Early episodes suffer from an initial heavy reliance on Steven's perspective, relegating the more charismatic Marc to the sidelines of brief voiceovers and glimpses in reflective surfaces. As the two begin to work together, however, what emerges is a tender thread about a man who's constantly told he's broken realising that the two distinct halves of himself are what make him complete. This ties Moon Knight to the larger trend of MCU show protagonists discovering who they are, from themselves. (Consider Loki defining his sense of self-image in the first episode of his show. Or Wanda saying she doesn't need Agatha Harkness to tell her who she is.) The standout episode 5, in which Marc and Steven excavate the full extent of the trauma that tied them together in the first place, offers them a chance for self-reflection in the most literal sense, surrounded by mirrors that reveal their deepest hurts. The episode also offers Isaac the showcase for his finest performance in the show yet, playing men with identically stooped shoulders, sunken eyes and sweat-slicked hair, yet conveying how each one's baggage has weighed them down in distinct ways. The show leans into the heaviness of Marc and Steven's condition without diluting it with comedy, but a more even series wouldn't have taken four episodes to get here in the first place. The end of episode 4 blurs the lines between fantasy and reality Legion-style, leaving Marc, and by extension the audience, in doubt over whether what they're experiencing is real makes for a much more immersive experience, challenging expectations instead of simply setting them. How much more compelling would the show have been if it had been framed as a thriller from the beginning?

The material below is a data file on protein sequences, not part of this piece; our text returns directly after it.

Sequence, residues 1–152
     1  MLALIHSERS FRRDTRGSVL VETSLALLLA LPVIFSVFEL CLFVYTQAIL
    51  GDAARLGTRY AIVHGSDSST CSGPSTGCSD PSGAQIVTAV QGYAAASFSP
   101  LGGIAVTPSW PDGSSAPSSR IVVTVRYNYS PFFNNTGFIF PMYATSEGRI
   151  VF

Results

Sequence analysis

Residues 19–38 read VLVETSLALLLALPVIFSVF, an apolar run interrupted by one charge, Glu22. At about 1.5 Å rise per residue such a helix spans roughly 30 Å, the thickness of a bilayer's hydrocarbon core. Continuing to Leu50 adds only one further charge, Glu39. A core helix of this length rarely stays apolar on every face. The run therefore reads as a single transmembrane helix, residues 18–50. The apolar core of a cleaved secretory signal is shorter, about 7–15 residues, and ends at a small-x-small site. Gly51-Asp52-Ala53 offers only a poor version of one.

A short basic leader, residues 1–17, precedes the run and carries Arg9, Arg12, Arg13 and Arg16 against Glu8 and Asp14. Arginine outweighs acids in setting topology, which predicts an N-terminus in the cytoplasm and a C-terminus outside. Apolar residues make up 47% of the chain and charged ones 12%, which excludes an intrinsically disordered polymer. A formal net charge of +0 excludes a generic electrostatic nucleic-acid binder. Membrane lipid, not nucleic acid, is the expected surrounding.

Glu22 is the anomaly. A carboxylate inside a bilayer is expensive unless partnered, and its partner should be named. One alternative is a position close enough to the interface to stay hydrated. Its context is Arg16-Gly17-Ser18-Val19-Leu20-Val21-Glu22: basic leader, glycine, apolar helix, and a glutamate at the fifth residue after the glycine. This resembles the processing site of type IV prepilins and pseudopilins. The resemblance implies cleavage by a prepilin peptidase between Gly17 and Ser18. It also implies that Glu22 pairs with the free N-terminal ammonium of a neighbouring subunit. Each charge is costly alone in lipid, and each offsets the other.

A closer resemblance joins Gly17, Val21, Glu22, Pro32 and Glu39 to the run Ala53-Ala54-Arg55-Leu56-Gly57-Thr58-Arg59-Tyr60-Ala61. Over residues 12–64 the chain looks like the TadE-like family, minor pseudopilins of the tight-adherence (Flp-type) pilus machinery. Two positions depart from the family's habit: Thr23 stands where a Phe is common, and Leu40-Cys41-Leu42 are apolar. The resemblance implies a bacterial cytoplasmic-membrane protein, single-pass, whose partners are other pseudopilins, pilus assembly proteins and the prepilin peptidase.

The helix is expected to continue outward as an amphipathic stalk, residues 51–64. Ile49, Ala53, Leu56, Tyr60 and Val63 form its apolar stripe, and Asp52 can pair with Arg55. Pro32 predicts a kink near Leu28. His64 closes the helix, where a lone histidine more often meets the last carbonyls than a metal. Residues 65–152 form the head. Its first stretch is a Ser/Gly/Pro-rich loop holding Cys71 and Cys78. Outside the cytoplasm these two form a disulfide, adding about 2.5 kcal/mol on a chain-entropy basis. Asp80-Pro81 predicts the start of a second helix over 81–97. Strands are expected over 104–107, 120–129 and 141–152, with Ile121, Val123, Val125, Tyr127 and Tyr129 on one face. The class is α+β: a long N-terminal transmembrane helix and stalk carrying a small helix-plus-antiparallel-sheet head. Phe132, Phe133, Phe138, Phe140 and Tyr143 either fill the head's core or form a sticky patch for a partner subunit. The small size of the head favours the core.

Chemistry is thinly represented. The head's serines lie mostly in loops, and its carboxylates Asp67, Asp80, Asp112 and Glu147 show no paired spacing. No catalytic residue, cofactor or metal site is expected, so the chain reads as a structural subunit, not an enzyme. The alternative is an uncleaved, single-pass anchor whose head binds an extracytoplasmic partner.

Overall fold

Over episode 5 and 6, the more confounding aspects of Moon Knight click into place, including the jarring theatricality of Steven's British accent. It's a design that makes the latter half of the show just as rewarding as the first half was frustrating. No show is obligated to show its hand early on, sure. But by holding all of its cards close to the chest till the very end, Moon Knight's early episodes feel inert in comparison to the thrilling last stretch, its revelations relying too heavily on the show withholding information, instead of inviting viewers to want to find out more. That the latter portions seamlessly blend the grounded story of a man trapped within his own mind with the more fantastical tale of a man trapped in service to the Egyptian god Khonshu (F Murray Abraham, in a compelling voice performance) only underscores the sloppiness of the first three episodes. Ethan Hawke imbues his character, Arthur Harrow, with gravitas even as the antagonist's motives remain flimsy. May Calamawy, as Marc's wife Layla El-Faouly, adds tender dimensions to a fraught backstory, but it's telling that even by the end, the most emotion the show can muster is only through interactions between two characters played by the same actor. As uneven as Moon Knight is, Isaac remains its strongest asset throughout.